Louisa Richwhite, Director and Designer of fledgling jewellery company Violet Darkling, lives in a flat in Notting Hill with black walls. They’re gloss black, and light reflecting therefore – but nonetheless, black. Furs are thrown over sofas, and everywhere are pieces of taxidermy: a pair of stoats on a table, antelope heads on walls. A very bouncy Pomeranian, Mungle Weasel, is the only living creature. “I was just starting Violet Darkling when I decided what colour to paint the walls,” explains Richwhite, and, looking at the jewellery, the black and the taxidermy make sense. Tarsier skulls, with their huge eye sockets, grip stones such as pink topazes between their toothless gums; little creatures, fossas, which are native to Madagascar, wrap themselves around a finger; wolf skulls hold gem-studded bones in their jaws; owl skulls are threaded onto leather. All are perfectly executed, and in an array of white, yellow or rose gold, or, to match the black walls, in rhodium. “They’re animals that only come out at night,” explains Richwhite. “I’m very drawn to all things nocturnal.”
Richwhite herself is tiny and sinewy and bewitchingly attractive, with long dark hair that falls in waves down her back. She originates from New Zealand, but grew up, largely, in Switzerland, where she was at boarding school in the Alps. Then to the UK, where she studied fashion at the American Intercontinental University. She took various semesters out, during which she worked for the New Zealand designer Karen Walker. Her final degree show, three years ago, was a triumph of creativity. Inspired by the fairytale Hansel and Gretal, she “went all out. I had two ferrets on the catwalk. And I designed so much stuff, including, of course, jewellery.” Much of this jewellery, and more, is what I’m looking at now.
The fairytale of Hansel and Gretal recounts two children becoming lost in a wood. They find a cottage made entirely of gingerbread and studded with sweets, and, being starving, fall upon it in delight. But there is a witch living within. “It’s charming, but there’s an undercurrent,” remarks Richwhite. “It’s what the skulls are: they’re so shiny and polished, and they hold these jewels in their mouths like sweeties, but still, they’re skulls.” Violet Darkling, the name of the brand, is Richwhite’s alter ego. She’s a night time persona, a woodland sprite making pretty and witty out of dark. The pieces are bold and tough and beautiful.
Richwhite’s design aesthetic is equally reflected in her style of dressing: she’ll take something pretty and toughen it up, combining chiffon with leather, or frills with sharp tailoring. She talks reverentially of Luella – she of the tongue-in-cheek prom dresses, subverted into something far sexier than their innocence suggests. Various looks are hung around her bedroom, and always, they’re worn with her jewellery. Her favourite piece is a black rhodium-plated tarsier skull pendant with a blue topaz – though “favourites change quite often,” she admits. The fact that many of the pieces are made from more than one colour metal means that everything can be worn together: two or three pendants, three or four of the near-knuckleduster sized rings.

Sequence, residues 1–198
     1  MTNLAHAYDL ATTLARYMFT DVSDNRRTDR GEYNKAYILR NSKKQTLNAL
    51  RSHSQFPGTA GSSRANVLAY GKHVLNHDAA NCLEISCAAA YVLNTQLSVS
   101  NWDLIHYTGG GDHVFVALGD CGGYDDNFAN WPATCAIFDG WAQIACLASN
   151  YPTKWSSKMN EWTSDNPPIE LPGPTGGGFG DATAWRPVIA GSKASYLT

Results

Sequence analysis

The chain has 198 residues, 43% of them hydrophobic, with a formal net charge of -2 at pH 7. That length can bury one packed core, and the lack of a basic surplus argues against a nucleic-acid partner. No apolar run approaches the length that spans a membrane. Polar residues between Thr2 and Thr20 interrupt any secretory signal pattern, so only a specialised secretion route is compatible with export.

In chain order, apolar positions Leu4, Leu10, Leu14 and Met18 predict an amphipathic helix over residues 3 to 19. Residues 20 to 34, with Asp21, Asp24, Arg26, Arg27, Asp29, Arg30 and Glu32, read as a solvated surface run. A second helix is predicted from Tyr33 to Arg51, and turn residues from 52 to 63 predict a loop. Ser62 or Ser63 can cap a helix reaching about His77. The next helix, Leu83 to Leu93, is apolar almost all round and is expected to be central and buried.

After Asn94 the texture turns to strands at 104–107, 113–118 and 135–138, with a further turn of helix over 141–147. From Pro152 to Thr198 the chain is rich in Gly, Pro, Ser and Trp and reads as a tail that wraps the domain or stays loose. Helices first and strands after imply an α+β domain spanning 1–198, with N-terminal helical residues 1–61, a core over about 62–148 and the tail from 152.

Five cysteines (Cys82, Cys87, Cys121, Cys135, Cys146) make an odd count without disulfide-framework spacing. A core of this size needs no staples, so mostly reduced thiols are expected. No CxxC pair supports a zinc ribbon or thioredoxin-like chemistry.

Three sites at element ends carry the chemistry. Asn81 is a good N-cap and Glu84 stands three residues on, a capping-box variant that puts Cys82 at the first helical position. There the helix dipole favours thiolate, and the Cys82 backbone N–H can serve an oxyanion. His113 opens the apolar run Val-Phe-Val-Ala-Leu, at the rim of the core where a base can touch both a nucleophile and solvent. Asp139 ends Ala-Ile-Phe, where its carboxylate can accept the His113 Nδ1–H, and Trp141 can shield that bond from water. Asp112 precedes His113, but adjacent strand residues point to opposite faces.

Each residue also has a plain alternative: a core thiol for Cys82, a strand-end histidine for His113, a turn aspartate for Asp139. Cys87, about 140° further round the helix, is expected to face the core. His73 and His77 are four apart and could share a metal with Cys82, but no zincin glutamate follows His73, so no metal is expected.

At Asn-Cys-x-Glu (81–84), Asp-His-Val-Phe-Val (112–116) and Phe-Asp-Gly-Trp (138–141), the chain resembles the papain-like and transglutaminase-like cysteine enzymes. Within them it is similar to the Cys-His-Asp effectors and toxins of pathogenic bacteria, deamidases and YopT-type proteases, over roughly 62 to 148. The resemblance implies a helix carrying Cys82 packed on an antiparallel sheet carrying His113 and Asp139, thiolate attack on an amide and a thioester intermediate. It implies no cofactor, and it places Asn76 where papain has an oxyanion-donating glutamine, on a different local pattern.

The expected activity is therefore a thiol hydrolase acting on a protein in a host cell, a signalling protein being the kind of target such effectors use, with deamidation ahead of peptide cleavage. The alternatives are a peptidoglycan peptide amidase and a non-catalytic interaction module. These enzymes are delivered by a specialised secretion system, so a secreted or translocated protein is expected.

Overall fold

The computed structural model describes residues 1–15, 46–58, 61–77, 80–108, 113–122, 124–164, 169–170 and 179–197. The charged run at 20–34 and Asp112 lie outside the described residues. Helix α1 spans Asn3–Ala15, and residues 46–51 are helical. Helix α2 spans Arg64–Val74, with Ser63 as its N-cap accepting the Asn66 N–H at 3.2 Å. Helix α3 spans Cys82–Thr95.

The Violet Darkling office is in South Kensington, and Richwhite keeps her enviable body in shape by walking across Kensington Gardens, accompanied by Mungle Weasel, to get there everyday. Weekends are spent in the countryside, in Sussex, “which is where all the designing gets done. I need to be away from London to work effectively.” She holidays in Saint Tropez, where a friend has a house, and Marrakech, again, a friend has a house there. “They’re both such beautiful places,” she remarks, “but full on.” And so Christmas every year is in stark contrast: she goes home to New Zealand, where her family live on a virtually deserted island, the only other beings are livestock. “I need it. It’s where I go to re-energise. I love riding my horses down to the beach – it’s so wild.”
Richwhite loves horses. Later, she sends me some images by the photographer Simon Proctor, she’s currently lusting after one of his horse prints, which she thinks “would look awesome on a black wall in the flat.” She also admires the work of Tim Walker and David LaChapelle, “I like the vibrant colour, and the themes. It’s all quite dramatic and fun, with a strong narrative.” Put like that, it sounds like her own designs.
This is Violet Darkling’s first full collection, and, already a favourite of Rihanna, who has worn pieces on several occasions, it’s only going to grow. “Ultimately I would like to diversify into Violet Darkling bedlinen, nightwear, everything that you would need to complete Violet’s crazy, dark, charming and witty world,” enthuses Richwhite. “My dream is to have a Violet Darkling boutique, which will transport any visitor to a place of imagination.” What’s the betting it will have black walls?
Photographer: Neil Gavin
Journalist: Fiona McKenzie Johnston
Makeup: Jen Fechter